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Growing Rutabaga, also Swedes

Jan F M A M J J A S O N Dec
            P P        

(Best months for growing Rutabaga in USA - Zone 5a regions)

P = Sow seed

  • Easy to grow. Sow in garden. Sow seed at a depth approximately three times the diameter of the seed. Best planted at soil temperatures between 45°F and 77°F. (Show °C/cm)
  • Space plants: 4 - 8 inches apart
  • Harvest in 10-14 weeks.
  • Compatible with (can grow beside): Peas, Beans, Chives
  • Avoid growing close to: Potatoes
  • Rutabaga harvest (commons.wikimedia.org - Seedambassadors - CC BY-SA 3.0)

Member of turnip family Round root vegetable with creamy white flesh and reddish purple leaves.

They take about 3 to 4 months to grow.

Grow where beans or peas have been grown the year before.

Culinary hints - cooking and eating Rutabaga

Use when about the size of a tennis ball.
The leaves can be cooked like cabbage when young.

Your comments and tips

15 Sep 18, PATRICIA GRAHAM (Australia - arid climate)
We spend 6 months in Puerto Vallarta Mexico where daily temperatures are 75 - 85 F. and almost no rain, but mild humidity. They are impossible to buy and wonder if we could grow a few for ourselves. They do not seem to import them as they do apples. We really miss them in soups and stews.
29 Jun 19, Lee (New Zealand - sub-tropical climate)
In short, it’d either not work at all, or it would. The problem is the temperatures/humidity you describe would make germination non-existent, or incredibly rapid. We have similar conditions at the end of summer when we have to sow our swedes. You’d have to shade them from the sun/light, and water them very carefully. What happens in that kind of heat is they sprout within two or three days, and then if they get direct sunlight, they wilt and die. The little seedlings cant take the heat, there’s not enough moisture in the top layer of soil for the tiny roots, and often the bulbs wont form even if they survive. But having said that, there is more to growing than the weather. Location is also a big factor. In Europe they say it takes up to 6months to harvest, and they grow some whoppers. I grow mine as singles in 3L containers and start harvesting from 3 to 4 months.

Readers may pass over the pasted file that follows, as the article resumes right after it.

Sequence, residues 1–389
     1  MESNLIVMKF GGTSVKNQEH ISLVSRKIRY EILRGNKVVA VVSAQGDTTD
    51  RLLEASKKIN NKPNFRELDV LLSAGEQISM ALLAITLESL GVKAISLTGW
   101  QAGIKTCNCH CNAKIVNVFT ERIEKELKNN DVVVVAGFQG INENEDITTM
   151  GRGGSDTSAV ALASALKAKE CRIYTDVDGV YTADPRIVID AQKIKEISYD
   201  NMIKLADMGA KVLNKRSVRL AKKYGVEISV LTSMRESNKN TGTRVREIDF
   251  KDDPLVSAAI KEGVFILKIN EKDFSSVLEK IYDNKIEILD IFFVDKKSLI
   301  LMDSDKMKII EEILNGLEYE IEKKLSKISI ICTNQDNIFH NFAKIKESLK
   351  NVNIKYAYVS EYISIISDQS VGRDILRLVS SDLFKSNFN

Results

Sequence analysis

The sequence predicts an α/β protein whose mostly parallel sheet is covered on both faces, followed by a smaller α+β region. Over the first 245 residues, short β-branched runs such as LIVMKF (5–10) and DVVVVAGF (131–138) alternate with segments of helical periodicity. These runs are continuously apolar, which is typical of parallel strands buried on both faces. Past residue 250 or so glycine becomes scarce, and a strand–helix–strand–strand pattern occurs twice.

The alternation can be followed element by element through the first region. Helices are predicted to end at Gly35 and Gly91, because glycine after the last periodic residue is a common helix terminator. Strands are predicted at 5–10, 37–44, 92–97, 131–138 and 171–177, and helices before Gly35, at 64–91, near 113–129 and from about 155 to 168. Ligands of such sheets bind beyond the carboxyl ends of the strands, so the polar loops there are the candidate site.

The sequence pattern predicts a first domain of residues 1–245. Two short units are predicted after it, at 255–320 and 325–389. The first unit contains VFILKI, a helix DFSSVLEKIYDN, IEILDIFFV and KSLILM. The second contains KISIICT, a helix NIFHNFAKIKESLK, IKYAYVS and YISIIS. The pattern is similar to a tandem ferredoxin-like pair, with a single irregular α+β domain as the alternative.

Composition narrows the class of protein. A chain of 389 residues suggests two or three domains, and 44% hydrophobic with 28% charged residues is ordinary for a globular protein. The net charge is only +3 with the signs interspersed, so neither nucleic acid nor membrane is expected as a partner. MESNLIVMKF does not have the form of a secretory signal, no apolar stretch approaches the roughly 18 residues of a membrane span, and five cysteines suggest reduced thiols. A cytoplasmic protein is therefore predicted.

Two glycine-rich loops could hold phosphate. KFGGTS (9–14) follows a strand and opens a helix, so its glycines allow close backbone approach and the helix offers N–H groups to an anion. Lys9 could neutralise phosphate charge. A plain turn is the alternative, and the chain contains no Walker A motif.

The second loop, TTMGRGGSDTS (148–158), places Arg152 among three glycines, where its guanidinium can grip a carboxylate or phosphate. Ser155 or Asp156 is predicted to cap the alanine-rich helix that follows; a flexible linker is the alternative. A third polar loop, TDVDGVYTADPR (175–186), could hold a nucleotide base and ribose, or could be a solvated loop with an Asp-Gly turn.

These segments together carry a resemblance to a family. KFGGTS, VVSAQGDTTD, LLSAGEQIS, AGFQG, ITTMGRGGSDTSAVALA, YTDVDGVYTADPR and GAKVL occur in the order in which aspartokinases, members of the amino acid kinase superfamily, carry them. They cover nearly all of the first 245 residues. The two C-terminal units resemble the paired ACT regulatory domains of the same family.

21 Apr 17, Brian Hargiss (USA - Zone 7a climate)
Where and when is the best place to plant rutabagas in northwest Arkansas? Thank you very much
22 Apr 17, John (USA - Zone 6b climate)
Rutabagas can be planted now. they are a cabbage/turnip cross and will do well where cabbages do well. Old manure worked into the soil and even watering will reduce the chance of checks in their growth. Along with their common uses they are great cooked and mashed or finely diced, cooked and mixed with creamed corn.

In short, it’d either not work at all, or it would. The problem is the temperatures/humidity you describe would make germination non-existent, or incredibly rapid. We have similar conditions at the end of summer when we have to sow our swedes. You’d have to shade them from the sun/light, and water them very carefully. What happens in that kind of heat is they sprout within two or three days, and then if they get direct sunlight, they wilt and die. The little seedlings cant take the heat, there’s not enough moisture in the top layer of soil for the tiny roots, and often the bulbs wont form even if they survive. But having said that, there is more to growing than the weather. Location is also a big factor. In Europe they say it takes up to 6months to harvest, and they grow some whoppers. I grow mine as singles in 3L containers and start harvesting from 3 to 4 months.

- Lee

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